It is because you believe that the neo-Fascists make shit up, can’t possibly appeal to the mass of unemployment and wouldn’t dare address the ‘real’ issues. No, the far-right is successful because they CAN address the issues like what the EU *is* and has done in the name of propping up imperialism, unemployment and austerity. In many ways they say way the classical Fascists developed a mass base in the 1920s and 1930s.

    Your writing above betrays either willful ignorance of the class dynamics of the European Union or you don’t care about the struggles against Europe and what this united, Imperialist, Europe represents. Why is that? It is the problem of the left NOT to address the EU that has lead to massive desertions of it’s working class base to the parties of the far right because *exactly* like you, they ignore, downplay or refuse to see that in *fact* the EU is designed to attack working people and propup capitalism via massive fiscalization of the economies and destruction of labor victories via ‘labor law reform’ and privatization. I have to say that Syriza at least got it at one point the Eurozone and what it means to be part of ‘Europe’.

    Someone reading what you wrote comes away that’s you’ve crossed the class line to support Capitalist Europe unless you believe as the so-called “Euro Left” does that a ‘workers Europe’ can somehow be negotiated into social-contracts.

    Comment by David — August 18, 2014 @ 7:21 pm

  2. Your writing above betrays either willful ignorance of the class dynamics of the European Union or you don’t care about the struggles against Europe and what this united, Imperialist, Europe represents.

    What are you saying? That the French left supports the EU?

    Comment by louisproyect — August 18, 2014 @ 7:38 pm

  3. Yes, the “French left” does support the EU, but, far worse, it supports the Euro and its concomitant austerity. The SP is the predominant sector of the French “Left.” The PCF is still carrying on its back The Old Man of the Sea (its long long Stalinist history), the Trotskyist groups, as everywhere else, have managed by their sectarian squabbles to squander their chance (10 percent of votes in the 2002 Presidentials) to amount to something politically. Mélenchon, by fiercely attacking Marine Le Pen (who is to his left on workingclass issues and especially the crucial need to dump the Euro and restore the Franc) while muting his criticisms of Hollande, has guaranteed his own failure. By failing to break cleanly and totally with Hollande when he betrayed his campaign commitment by ratifying the “Growth and Stability Pact” the “Left” made the FN the only available vehicle for workingclass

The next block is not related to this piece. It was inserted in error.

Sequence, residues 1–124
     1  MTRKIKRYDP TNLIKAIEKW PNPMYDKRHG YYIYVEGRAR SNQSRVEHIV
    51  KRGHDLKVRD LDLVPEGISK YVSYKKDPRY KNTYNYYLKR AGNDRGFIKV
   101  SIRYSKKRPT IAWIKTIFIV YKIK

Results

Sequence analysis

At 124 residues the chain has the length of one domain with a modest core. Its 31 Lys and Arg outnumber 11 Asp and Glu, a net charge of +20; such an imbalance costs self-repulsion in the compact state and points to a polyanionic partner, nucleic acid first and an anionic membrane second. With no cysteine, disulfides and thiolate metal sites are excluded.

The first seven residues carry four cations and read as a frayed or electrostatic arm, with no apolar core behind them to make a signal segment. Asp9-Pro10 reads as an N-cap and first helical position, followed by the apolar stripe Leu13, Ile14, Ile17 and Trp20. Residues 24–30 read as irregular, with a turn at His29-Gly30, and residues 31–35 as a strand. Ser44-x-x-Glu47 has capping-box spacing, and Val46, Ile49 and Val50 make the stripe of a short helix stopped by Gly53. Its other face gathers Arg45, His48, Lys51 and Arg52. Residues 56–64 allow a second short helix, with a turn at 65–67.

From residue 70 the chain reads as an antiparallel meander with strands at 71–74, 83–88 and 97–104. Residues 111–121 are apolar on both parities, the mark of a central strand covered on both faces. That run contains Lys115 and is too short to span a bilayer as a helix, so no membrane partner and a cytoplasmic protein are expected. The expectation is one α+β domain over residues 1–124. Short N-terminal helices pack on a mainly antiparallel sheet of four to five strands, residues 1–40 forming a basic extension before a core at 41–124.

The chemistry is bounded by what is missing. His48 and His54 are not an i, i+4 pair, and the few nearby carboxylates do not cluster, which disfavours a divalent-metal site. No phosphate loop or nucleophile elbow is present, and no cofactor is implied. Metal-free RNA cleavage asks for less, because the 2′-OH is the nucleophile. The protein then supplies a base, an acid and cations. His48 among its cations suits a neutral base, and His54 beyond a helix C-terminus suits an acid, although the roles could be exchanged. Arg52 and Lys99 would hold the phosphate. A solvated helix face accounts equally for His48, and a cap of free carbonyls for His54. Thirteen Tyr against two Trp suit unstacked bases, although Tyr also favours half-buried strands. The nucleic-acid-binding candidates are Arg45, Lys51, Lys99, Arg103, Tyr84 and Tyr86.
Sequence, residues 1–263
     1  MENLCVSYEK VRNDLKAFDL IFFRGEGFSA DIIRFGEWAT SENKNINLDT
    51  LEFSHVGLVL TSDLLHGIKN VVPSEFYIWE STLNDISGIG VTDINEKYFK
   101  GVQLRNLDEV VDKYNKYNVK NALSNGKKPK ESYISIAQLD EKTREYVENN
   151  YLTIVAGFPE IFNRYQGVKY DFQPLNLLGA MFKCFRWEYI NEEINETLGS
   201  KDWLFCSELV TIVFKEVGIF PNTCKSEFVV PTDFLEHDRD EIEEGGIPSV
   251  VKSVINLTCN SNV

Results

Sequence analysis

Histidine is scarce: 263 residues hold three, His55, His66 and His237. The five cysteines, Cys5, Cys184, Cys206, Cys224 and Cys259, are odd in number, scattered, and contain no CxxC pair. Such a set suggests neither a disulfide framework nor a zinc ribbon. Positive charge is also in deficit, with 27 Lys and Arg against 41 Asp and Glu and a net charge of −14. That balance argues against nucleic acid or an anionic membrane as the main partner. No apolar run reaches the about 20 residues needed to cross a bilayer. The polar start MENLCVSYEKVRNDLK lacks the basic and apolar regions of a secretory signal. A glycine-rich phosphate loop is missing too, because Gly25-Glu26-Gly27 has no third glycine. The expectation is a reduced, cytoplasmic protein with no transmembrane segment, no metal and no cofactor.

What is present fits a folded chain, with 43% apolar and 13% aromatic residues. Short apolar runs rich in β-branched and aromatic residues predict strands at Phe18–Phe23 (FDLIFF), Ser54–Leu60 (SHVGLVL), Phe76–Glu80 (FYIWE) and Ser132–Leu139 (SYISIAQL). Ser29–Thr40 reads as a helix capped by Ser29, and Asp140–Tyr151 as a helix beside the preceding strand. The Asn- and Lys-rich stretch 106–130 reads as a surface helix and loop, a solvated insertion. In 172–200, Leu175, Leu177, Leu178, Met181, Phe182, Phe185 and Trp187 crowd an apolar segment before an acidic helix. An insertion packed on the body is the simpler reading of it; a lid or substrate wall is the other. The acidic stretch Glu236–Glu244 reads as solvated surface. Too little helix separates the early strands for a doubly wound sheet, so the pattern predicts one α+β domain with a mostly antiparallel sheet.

protest against austerity and recession.

    Comment by fosforos17 — August 18, 2014 @ 8:34 pm

  4. Yes, the “French left” does support the EU, but, far worse, it supports the Euro and its concomitant austerity. The SP is the predominant sector of the French “Left.”

    —-

    Thanks for putting “left” in scare quotes. Otherwise people might think that you intended to be taken seriously.

    Comment by louisproyect — August 18, 2014 @ 8:37 pm

  5. Them wasn’t no “scare quotes.” “Left” is standard political terminology worldwide and the quotes are just to remind of that–not to imply anything about some “Lefts” conforming to an idealist conception of “Left” as some fixed, as opposed to relative, term while others are, to use that charming word, “phoney.” I regard the term “Left” as quite obsolete, scientifically useless and useful only for a propagandist.

    Comment by fosforos17 — August 18, 2014 @ 9:12 pm

  6. I regard the term “Left” as quite obsolete, scientifically useless and useful only for a propagandist.

    Well, I still see some difference between Hollande and the people who organized mass demonstrations in the streets in solidarity with the people of Gaza. If you want to lump them all together, be my guest. I will defend your right to say stupid things with my last dying breath.

    Comment by louisproyect — August 18, 2014 @ 9:20 pm

  7. 3 points:

    In Europe the predominant threat of the far right is towards Muslims and not Jews. By a very wide margin. Yes anti Semitism exists but is small compared to the antagonism to Muslims. The big issue with Muslims is that far right preoccupations chime with the broader masses. Anti Semitism is virtually a non issue among the broader masses in Europe. The threat of anti Semitism is constantly played up and the very real threat against Muslims is constantly played down by the usual suspects – i.e. israeli and imperialists apologists among others. In fact the liberals fear Muslims, and constantly try to insinuate Muslims with anti Semitism.

    The second point is that one of the main threats of anti Semitism infiltrating the pro Palestinian movement comes not from Dieudonné and company but from the Zionists.